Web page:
Beyond Blame

Freeing yourself from toxic emotional bullsh*t

How to Stop Dating — Respectfully

Should I tell my date I'm no longer interested, or just not follow up?

Dear Dr. Alasko: I consider myself a kind person, but I've never figured out a way to tell someone I've been dating that I'm no longer interested. Usually I try to get the message across by not answering the phone, etc., but that doesn't feel very good. My friends tell me that it's too cruel to come right out and tell the person that I don't want to see them again. What's the best way that's not hurtful to stop dating someone?

Dear Reader: Grappling with this question is common, and mishandling it causes of a lot of unnecessary pain. Enough pain that I would like to see us undertake a thorough overhaul of the unwritten rules about what to do when we feel little or no emotional connection when dating and we need to stop.

First ask yourself this: by what method would you prefer learning that someone you're dating wants to stop seeing you? Would you rather be told directly, or prefer to figure it out by living through a series of avoidance behaviors by your former date?

I believe that asking yourself that will reveal that it's dishonest and deceptive to not tell a person directly that dating them isn’t working for you.

Not only that, but it’ll also likely reveal that getting a message through hints such as unreturned calls is crueler because it forces a person to struggle with an unknown. If B. waits days to hear from you, do you suppose B. is thinking happy and expectant thoughts, or worrying about what’s going on? Obviously, the person on the receiving end of the "hints" is not enjoying a positive experience.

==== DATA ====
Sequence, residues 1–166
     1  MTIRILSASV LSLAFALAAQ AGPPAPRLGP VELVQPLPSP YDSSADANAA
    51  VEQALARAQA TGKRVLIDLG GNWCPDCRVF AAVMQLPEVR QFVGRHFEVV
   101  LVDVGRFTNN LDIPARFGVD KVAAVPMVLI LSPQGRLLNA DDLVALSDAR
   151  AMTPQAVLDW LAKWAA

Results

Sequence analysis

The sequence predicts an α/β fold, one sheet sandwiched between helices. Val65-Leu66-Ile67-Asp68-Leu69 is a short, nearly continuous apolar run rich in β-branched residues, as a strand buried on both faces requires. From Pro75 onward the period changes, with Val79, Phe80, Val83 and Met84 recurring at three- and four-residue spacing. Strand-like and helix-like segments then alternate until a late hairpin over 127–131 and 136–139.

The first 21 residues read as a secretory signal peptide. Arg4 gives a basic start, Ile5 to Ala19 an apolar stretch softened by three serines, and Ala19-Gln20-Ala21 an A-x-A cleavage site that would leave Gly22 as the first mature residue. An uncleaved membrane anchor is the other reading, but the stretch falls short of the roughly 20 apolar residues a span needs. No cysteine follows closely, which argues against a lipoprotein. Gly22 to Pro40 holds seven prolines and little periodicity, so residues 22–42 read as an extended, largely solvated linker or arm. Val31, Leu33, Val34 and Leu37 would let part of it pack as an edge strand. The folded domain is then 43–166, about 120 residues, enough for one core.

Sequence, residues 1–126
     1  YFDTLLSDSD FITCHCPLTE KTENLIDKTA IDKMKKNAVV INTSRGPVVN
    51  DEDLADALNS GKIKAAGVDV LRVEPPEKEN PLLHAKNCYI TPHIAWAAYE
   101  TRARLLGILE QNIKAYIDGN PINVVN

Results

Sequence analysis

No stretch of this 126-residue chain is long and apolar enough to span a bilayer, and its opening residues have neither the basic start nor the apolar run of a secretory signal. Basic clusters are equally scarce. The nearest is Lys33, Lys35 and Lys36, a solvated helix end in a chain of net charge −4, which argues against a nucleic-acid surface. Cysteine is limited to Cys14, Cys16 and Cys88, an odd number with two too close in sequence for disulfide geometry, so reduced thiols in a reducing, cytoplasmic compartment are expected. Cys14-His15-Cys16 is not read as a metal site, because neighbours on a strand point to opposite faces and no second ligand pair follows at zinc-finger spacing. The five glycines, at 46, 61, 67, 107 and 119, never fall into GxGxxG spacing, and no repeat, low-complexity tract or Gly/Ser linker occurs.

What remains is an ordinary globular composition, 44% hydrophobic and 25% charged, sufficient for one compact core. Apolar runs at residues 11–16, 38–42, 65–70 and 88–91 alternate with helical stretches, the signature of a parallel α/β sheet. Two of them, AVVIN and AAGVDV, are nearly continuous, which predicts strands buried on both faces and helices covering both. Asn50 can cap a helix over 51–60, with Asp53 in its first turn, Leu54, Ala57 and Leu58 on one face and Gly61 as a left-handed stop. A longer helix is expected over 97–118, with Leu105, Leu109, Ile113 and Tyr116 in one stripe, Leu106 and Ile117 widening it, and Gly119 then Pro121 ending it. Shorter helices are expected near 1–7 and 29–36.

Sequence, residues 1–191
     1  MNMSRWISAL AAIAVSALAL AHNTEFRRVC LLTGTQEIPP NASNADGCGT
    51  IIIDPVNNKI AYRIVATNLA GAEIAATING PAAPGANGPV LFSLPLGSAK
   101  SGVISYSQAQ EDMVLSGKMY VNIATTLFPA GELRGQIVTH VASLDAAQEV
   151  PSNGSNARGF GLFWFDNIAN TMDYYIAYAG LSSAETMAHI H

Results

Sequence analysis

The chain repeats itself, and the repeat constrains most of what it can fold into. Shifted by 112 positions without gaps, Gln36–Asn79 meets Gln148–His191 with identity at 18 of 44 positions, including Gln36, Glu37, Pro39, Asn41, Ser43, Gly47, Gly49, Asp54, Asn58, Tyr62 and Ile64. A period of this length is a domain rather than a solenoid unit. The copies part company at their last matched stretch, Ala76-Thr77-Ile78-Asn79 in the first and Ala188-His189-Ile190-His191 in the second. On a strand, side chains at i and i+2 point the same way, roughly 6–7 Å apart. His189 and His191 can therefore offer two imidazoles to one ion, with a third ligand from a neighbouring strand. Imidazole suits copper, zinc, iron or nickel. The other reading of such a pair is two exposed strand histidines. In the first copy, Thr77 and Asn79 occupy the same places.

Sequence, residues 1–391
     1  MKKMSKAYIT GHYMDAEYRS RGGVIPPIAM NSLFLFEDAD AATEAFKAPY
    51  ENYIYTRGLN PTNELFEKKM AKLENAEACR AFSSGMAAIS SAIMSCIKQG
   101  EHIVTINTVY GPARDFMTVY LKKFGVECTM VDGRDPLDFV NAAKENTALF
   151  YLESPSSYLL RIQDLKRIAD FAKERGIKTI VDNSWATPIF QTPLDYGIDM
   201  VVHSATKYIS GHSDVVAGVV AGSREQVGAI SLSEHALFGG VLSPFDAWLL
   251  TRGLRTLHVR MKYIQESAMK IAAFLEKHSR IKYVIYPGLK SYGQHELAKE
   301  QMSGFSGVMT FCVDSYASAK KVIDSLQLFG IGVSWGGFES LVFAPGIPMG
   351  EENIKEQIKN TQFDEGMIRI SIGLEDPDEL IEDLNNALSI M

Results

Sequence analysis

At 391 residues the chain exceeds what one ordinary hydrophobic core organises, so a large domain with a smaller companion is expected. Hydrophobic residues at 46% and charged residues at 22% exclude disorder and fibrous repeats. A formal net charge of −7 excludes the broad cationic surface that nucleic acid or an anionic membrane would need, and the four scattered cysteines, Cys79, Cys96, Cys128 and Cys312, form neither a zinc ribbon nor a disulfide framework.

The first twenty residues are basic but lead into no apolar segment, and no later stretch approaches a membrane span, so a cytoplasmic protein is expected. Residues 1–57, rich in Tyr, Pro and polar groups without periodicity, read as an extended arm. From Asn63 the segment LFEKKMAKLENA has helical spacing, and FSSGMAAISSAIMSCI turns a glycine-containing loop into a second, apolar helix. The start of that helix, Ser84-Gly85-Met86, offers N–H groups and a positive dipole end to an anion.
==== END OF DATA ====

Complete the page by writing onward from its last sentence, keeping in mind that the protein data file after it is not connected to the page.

One way to avoid some of this needless pain is to settle on some basic guidelines concerning dating and plan your approach before you start. Here are some suggested guidelines for you to share with anyone new you begin dating, before any misunderstandings can arise:

1) From the first date, each of us has both the right and the responsibility to stop the relationship if either of us feels that it's not working.

2) Explanation or justification is not necessary. Neither of us has to explain or justify a decision to stop. Nor will we meaninglessly compliment each other to alleviate your own anxiety, as in "You're really a great person, but …"

3) To hint at no longer wanting to date by being "busy" is dishonest and disrespectful; instead, if either of us wants to stop, we’ll the other person directly, which is both respectful and caring.

 4) We will communicate with each other the way we ourselves would like to be treated — no double standards.

And yes, it takes courage to talk to someone in person and say, "I'm sorry but I don't think we're a good match, and I don't want to continue seeing you." And while it may seem "kinder" to avoid saying these words, don't lie to yourself that you're being evasive in order to avoid hurting the other person. Being evasive and deceptive is simply taking the slippery way out.

Keep in mind that dating, which is the just the initial segment in establishing relationships, shares the same ultimate goal all relationship-forming does: to fully embrace the responsibilities that come with growing up and becoming an adult who does the right thing, even when it might be personally painful.

Carl Alasko, Ph.D. is the author of Beyond Blame (Tarcher Penguin), and like his first book Emotional Bullshit, it has been published in five languages.

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